Microbes also dominate the stream’s bedrock. In that aquatic environment, deep blue-green algae grows in thick mats, and at the stream’s edges, large mats of watercress thrive in the freezing water. Although no trout are seen in the lower canyon stream; they move upstream and a group of about fifteen congregate just below an old water head gate at mile 2.8. At the stream’s edge, horsetails are still green, and this indicates that photosynthesis is still occurring despite the cold.

At the retention ponds, a male-female pair of mallards (Anas platyrhynchos) rest. The female is in the sleep position with her head laying on her back. The males feeds on the algae on the pond’s bottom. At picnic site 2, there is a small unidentified sparrow that is not a European sparrow. Further up the canyon, near picnic site 3, there is a Belted kingfisher (Megaceryle alcyon)! No avid birder will probably believe this, since this kingfisher is far out of its winter range, and I am unable to take a photograph of it. I first had a fleeting view of this bird on December 7th at the south end of the circle where the Pleasant Valley reservoir once stood. Then it was too far away to see clearly. Today, I am able to watch it for several minutes at the top of a snag about 100 feet away. Then the bird sees me, spooks, and flies down canyon to another snag, and again I am able to catch up and watch it closely for another few minutes. At picnic site 4, I am greeted by a flock of mountain chickadees, and they sit in several trees calling back to each other. Below picnic site 5, a flock of six Black-hooded juncos feed and preen themselves on a red osier dogwood bush. The coldest winter makes some birds more tolerant of humans, and I am able to stand directly next to the bush and about four feet from juncos. They grab a piece of snow-ice from clumps of shriveled white berries that still cling to the tree. They eat part of the ice and then dip the rest into their feathers to clean themselves. Then they try to eat the sour fruit of the dogwood (see Nov. 6th), but most of the fruit seems to drop to the ground and not into their beaks. I again see an unidentified raptor that patrols the lower canyon just before twilight. At mile 1.3, a magpie can be heard in the distance. A series of tracks in the snow tell of two birds that had landed on two adjacent rocks that stick up out of the snow. They then hopped across the snow for about 20 feet.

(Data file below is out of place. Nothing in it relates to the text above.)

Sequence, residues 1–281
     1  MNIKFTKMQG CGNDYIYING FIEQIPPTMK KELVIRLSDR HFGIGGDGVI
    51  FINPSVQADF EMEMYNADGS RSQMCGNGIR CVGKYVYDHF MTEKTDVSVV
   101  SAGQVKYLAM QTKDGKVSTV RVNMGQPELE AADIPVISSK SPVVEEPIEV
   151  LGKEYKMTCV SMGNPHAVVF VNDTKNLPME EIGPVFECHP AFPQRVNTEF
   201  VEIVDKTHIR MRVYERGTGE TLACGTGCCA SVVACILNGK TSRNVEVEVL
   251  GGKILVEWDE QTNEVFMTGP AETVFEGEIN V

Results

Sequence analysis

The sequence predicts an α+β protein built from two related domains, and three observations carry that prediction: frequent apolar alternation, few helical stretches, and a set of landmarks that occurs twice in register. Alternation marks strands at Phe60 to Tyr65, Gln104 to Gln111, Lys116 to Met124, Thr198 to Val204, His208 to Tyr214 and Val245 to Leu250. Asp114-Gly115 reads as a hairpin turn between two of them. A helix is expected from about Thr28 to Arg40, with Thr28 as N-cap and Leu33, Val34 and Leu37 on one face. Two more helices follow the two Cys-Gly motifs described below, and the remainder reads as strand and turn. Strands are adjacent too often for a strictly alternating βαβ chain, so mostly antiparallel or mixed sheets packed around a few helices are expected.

At mile 1.0, high on the western ridgeline, a single anterless elk digs through the snow to green grass underneath. And, in the early morning hours as I am returning home on other business, two mule deer that are refugees from the canyon are grazing a few hundred feet from my urban front door. As for humans in the canyon, there is myself and about twenty other walkers, runners, and bicyclists.

In short, the canyon is asleep, but life cannot be stopped. Life can be attenuated from its peak productivity (August 31st), and today, like sunlight, life in the canyon is at its nadir.

In Thoreau’s “Journal” on December 20th, 1851, he observes a high-flying hawk that is patrolling for prey. He lists the colors of the winter landscape: red, white, green, and brown. On December 20, 1854, he feels that the winter sun has more relative warmth on his skin than the summer sun.